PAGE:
Aldrin: We Can Reach Mars, and Soon

Buzz Aldrin, one of the two astronauts to walk on the moon during the first moon landing, gave an inspiring speech arguing for America’s need to go to Mars and expand its space program.

Although many had left the room following the last panel of the day, Aldrin’s message was nevertheless energetic and positive. He talked about how America’s goal during his generation was reaching the moon. He views the next step, for this generation to achieve, as reaching Mars.

“Science and exploration require a certain kind of leadership, one defined by courage,” Aldrin said.

Aldrin posed the question “If Americans don’t lead there others will.” Reflecting the speech of President John F. Kennedy “We Choose to Go to the Moon Speech,” Aldrin asked “If not now, when? And if not us, who?”

It is important to recognize that these goals that Aldrin is speaking of are not far off. It is very much possible that “successful human landings for continued occupancy can occur as early as 2040.” By achieving this goal of landing on Mars, Aldrin indicated that “America’s legacy in leadership will crystallized[…] a legacy that will outlive us all.” Furthermore, he stated that the president who undertook this endeavor would be remembered throughout the annals of history as a “pioneer of mankind.”

Physics backs him up. Aldrin talked about the importance of cycling pathways which would propel a craft between Earth and Mars. The plan would work by launching first generation inflatable exploration modules. Efforts to establish a lunar base would be necessary in order for this plan to be successful. This research being done at Purdue, MIT, and the Florida Institute of Technology has produced findings which show that we currently possess great potential and the beginning of the necessary knowledge in order to participate in a successful flight to Mars by following this strategy.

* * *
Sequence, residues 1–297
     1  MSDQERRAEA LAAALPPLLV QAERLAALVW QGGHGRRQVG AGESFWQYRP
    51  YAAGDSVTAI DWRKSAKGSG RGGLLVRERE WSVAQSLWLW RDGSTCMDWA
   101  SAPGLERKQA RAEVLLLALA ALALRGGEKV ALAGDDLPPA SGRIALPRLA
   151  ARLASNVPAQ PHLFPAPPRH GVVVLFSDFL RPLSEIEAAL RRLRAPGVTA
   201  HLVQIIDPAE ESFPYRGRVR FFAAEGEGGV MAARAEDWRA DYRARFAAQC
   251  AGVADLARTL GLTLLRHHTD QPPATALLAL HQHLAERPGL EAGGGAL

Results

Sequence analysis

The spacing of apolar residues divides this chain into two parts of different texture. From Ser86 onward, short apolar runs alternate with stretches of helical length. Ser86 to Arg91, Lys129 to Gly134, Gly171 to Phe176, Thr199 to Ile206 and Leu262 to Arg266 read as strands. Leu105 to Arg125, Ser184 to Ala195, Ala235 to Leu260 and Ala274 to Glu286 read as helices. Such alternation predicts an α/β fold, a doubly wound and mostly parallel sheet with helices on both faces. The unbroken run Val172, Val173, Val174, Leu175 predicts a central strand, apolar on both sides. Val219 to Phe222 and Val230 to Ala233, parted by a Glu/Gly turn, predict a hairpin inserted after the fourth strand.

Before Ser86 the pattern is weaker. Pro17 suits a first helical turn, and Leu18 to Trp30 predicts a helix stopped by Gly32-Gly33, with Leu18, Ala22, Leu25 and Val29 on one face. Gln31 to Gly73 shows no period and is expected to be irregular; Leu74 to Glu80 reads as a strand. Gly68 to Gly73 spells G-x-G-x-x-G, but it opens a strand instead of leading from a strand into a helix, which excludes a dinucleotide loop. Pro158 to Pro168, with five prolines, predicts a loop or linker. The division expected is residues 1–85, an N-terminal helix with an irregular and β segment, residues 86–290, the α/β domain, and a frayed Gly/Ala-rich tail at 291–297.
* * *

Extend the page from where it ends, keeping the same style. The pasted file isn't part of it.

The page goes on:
Aldrin talked about the need to use material that was both reusable and renewable on the spacecraft, stating his firm belief that reaching Mars in the coming years is an entirely feasible goal.

Finally, Aldrin talked about how this would reassert American exceptionalism, while at the same time creating strong ties between the United States and other space faring nations, in particular China. Aldrin concluded with a quote from Ronald Reagan, one quite appropriate for the tone of his speech:

“We [Americans] have a rendezvous with destiny. We will preserve for our children this, the last best hope of man on earth, or we will sentence them to take the first step into a thousand years of darkness. If we fail, at least let our children and our children’s children say of us we justified our brief moment here. We did all that could be done.”